Lochs and Reservoirs – little gems in the landscape

My latest ‘big project’ is a book of 30 loch and reservoir walks in Scotland for Sigma Press and along the way I have discovered some real gems, places I had never visited before but wish I had found much earlier. Here are some of my favourites to date with external links to sites offering more info…

Birnie & Gaddon Lochs, Collessie, Fife – It is hard to believe that Birnie & Gaddon Lochs were once part of an industrial site. For many years this was a quarry from which sand and gravel were extracted. When quarrying finished in the late 1980s, two small lochs were created and the area was replanted with native saplings. Now it is a haven for birds and wildlife. Click here for more info.

Harlaw Reservoir, near Edinburgh – One of the many reservoirs nestling in the folds of the Pentland Hills, there is a good path looping round Harlaw and a wee visitor centre at the start. Click here for more info on this easy to access spot close to the nation’s capital city.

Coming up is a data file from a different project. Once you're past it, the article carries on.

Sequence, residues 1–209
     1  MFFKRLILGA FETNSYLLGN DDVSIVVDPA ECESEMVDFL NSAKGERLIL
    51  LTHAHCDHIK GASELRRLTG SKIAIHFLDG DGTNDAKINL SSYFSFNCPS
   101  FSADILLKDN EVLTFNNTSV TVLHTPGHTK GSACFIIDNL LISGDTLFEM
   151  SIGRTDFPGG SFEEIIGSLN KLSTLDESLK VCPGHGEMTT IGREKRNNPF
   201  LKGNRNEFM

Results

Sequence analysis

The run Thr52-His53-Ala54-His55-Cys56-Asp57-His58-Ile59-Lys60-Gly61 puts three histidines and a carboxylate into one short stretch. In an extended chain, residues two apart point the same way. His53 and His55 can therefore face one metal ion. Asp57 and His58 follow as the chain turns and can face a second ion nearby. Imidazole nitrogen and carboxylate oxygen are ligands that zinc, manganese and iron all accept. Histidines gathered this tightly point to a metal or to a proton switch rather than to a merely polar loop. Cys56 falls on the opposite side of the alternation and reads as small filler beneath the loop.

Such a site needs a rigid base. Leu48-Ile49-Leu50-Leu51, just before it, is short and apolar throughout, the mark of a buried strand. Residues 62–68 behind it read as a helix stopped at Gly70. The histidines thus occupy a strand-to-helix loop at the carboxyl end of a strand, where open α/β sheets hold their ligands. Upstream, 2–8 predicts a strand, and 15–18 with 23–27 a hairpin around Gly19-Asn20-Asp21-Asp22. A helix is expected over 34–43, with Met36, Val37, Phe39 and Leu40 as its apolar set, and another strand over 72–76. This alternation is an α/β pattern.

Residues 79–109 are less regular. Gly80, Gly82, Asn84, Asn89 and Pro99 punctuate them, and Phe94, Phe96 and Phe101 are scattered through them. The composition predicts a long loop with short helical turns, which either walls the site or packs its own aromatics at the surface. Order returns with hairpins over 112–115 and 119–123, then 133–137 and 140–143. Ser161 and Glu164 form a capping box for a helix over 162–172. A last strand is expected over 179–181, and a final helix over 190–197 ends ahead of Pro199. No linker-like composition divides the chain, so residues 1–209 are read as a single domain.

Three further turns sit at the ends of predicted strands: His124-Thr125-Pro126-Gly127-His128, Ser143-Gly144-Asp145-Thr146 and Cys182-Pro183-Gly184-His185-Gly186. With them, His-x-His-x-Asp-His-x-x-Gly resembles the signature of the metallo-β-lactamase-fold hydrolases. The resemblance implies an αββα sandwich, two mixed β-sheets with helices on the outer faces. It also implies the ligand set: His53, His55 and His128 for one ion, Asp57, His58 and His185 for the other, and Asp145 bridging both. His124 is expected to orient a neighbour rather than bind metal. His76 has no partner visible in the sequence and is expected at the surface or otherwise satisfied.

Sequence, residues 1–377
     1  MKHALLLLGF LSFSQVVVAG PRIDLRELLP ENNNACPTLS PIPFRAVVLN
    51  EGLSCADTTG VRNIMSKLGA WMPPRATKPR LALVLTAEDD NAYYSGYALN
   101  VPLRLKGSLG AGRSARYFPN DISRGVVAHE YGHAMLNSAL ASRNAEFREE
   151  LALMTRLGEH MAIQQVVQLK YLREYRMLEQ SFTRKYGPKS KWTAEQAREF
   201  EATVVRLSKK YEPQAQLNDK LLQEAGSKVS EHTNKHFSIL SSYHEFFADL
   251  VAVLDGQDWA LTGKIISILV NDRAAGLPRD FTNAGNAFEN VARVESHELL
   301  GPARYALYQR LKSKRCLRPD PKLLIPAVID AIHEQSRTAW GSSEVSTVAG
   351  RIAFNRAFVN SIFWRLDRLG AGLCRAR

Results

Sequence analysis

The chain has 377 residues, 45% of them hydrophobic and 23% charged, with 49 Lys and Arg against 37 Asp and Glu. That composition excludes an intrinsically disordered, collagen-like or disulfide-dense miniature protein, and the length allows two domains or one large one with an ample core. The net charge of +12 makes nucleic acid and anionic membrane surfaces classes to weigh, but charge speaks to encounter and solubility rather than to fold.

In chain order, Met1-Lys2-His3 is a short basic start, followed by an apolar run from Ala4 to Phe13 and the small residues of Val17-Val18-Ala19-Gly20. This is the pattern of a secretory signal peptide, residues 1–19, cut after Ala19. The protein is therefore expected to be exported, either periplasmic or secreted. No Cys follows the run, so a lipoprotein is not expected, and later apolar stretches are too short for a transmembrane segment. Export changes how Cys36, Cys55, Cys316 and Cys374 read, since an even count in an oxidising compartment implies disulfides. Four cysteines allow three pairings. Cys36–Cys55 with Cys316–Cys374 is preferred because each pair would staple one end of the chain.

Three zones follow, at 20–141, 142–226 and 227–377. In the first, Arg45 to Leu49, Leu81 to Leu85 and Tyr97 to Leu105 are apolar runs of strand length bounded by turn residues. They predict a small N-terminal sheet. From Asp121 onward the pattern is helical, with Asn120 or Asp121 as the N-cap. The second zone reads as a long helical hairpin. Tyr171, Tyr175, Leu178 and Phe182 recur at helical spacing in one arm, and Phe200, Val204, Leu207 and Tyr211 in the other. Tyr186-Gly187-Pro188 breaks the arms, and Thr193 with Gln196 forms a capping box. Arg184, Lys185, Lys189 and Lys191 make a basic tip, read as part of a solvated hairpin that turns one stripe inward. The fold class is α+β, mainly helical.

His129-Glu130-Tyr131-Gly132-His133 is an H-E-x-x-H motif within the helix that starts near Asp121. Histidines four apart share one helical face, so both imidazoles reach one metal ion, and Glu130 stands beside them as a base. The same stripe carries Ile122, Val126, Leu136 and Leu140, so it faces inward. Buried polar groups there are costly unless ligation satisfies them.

Lochan Spling, Aberfoyle – Lochside trails abound in the Trossachs and a real gem to be found lurking amidst the trees of the Queen Elizabeth Forest Park is Lochan Spling. Accessed from the popular tourist town of Aberfoyle, a track loops around the water and there is plenty of interest to see along the way, including some fascinating wildlife sculptures. Click here for more info.

Uath Lochans, Kincraig – Four small pools of tranquil water located deep in Inshriach Forest form the Uath Lochans, one of the most scenic spots in Strathspey. Carved out during the Ice Age, the captivating marshy pools lie in the shadow of Farleitter Crag, a dramatic escarpment of rough rock rising high above the canopy of ancient pine and tall fir trees. Click here for more info.